A Wounded Deer Leaps Highest Poem by Emily Dickinson Summary, Notes and Line by Line Explanation in English for Students


The poem “A wounded deer leaps highest” was written by Emily Dickinson. The poem was published posthumously in a collection named “Poems” in 1890. In this poem the poet speaks about the deceptive nature of people. So, she used the image of fatally wounded deer to indicate the hidden meaning of the poem.

About the Poet:

Emily Dickinson was an American poet. During her period she was regarded as one of the most important poets of American poetry. She had written nearly 1800 poems. Most of the poems were unpublished in her lifetime. Emily Dickinson redefined American poetry with her unique writing style.In most of her poems she used unique line breaks and unexpected rhymes. Some of her famous poems are “Because I could not stop for death”, “Success is counted sweetest”, “I’m nobody”.


The poem “A wounded deer leaps highest” consists of three stanzas. Each stanza has four lines. Thus, the poem contains twelve lines in total.


The poet has written the poem “A wounded deer leaps highest” in iambic trimeter with few variations.


The poet in this poem uses the image of a fatally wounded deer to provide a hidden meaning to the readers. The poet says, a wounded deer leaps highest instead of slowing down. In the same way, people who suffered with pain choose to portray themself as stronger in their life. In the same way, she uses the image of steel in the poem. Similar to steel which gets life when compressed with other objects, people get stronger if the situation demands. In the last stanza, the poet talks about the deceptive appearance of people. For instance the red cheek due to illness makes a person look healthy and lively. But the hidden truth is the red cheek refers to the impending death. So,the poet throughout the poem talks about how people are using their weakness as a shield to protect themselves from others.

Poem Analysis:

Stanza 1

Lines 1-4:

A wounded deer - leaps highest

I've heard the hunter tell;

'Tis but the ecstasy of death,

And then the brake is still.

The poem begins with the saying of hunter. The hunter says about a deer which has been suffering from a wound. Instead of slowing down the deer starts to leap highest. Here, the poet is trying to make a comparison between a wounded deer and people’s nature. Similar to the deer, even people have so many wounds in their life. The people may appear strong and joyful in their appearance. But it is a deceptive thing, they are trying to look happy to hide the wounds.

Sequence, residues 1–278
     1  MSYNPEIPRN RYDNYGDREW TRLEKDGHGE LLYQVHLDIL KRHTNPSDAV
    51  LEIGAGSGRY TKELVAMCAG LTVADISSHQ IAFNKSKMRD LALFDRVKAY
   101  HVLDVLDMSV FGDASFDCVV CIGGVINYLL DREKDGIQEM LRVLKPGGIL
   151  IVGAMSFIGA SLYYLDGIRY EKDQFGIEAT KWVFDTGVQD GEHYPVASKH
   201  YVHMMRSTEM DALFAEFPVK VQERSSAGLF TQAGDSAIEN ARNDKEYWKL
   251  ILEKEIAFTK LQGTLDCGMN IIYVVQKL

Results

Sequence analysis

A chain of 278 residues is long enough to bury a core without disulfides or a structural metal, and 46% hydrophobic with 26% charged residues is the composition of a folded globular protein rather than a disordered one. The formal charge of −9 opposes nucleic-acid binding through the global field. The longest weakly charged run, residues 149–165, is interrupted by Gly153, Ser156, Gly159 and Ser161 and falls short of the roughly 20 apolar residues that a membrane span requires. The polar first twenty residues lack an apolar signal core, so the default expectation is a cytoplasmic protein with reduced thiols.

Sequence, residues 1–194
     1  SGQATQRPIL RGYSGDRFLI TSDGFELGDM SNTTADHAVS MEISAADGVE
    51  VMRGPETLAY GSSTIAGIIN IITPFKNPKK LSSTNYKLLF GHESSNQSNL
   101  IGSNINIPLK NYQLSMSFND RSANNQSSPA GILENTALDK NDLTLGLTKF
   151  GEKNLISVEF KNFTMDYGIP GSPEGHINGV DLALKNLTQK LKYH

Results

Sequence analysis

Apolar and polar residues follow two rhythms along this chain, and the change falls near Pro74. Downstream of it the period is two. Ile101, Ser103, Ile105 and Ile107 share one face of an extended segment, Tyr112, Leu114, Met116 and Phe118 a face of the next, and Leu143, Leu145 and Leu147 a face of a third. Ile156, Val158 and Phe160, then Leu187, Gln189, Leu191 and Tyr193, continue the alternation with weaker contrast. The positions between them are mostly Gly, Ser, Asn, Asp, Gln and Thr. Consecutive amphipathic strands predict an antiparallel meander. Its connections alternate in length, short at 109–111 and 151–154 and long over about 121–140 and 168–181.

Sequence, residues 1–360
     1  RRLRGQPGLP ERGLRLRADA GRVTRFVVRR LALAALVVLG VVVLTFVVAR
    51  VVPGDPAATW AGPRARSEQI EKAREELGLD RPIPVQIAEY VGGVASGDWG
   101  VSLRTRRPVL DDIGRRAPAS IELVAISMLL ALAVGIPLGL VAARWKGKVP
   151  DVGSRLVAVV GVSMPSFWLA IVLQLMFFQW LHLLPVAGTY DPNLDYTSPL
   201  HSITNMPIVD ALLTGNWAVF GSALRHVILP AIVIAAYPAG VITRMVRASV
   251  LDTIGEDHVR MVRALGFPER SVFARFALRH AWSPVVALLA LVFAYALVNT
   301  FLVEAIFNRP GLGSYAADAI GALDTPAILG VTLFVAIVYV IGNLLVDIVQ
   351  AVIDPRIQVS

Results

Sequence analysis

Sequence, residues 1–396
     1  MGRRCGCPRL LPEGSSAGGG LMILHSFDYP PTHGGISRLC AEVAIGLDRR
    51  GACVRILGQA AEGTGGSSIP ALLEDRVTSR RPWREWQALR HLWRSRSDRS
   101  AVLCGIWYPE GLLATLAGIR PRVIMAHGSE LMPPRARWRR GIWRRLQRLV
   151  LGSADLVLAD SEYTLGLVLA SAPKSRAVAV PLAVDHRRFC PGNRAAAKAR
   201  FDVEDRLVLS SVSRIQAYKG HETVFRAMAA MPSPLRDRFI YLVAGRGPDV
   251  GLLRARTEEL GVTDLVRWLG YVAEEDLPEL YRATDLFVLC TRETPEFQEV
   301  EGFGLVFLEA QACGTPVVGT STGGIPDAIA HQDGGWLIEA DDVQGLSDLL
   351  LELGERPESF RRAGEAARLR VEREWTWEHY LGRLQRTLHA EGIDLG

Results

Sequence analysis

Stanza 2

Lines 5-8:

The smitten rock that gushes,

The trampled steel that springs:

A cheek is always redder

Just where the hectic stings!

In the second stanza the poet alludes from the Bible.Here, the poet talks about Moses. He was instructed by God to strike the rock in Mount Horeb to provide water for the thirsty Israelites.Moses followed the instruction of God as a result when he struck the rock water started to gush out. It quenched the thirst of Israelites.

In the second line, the poet talks about trampled steel. She says that steel tramp gets life when it gets compressed by other objects. Similarly, individuals who suffer from humiliation bounce back stronger in their life. 

In the last two lines, the poet says that the red cheeks due to illness or fever look similar to the red cheeks of a healthy and happy person. The red cheeks make them look happy, but to the people who suffer from illness it refers to the impending death. Here, the poet talks about the deceptive appearance of colours in life. 

Stanza 3

Lines 9-12:

Mirth is Mail of Anguish,

In which its cautious arm

Lest anybody spy the blood

And, "you're hurt" exclaim

The term “mirth” refers to joy. Here, the poet says, people use smiles as the cautious arm to protect themselves from being wounded. Here, mirth is compared to a knight’s armour to protect him from others. So, the poet says, that one has to wear the weakness to defend themselves. The poet says that people are hiding their pain and sadness behind a smile which is deceptive in nature. In the last line, the poet says no matter how much a person has got hurt he denies to show the emotions genuinely.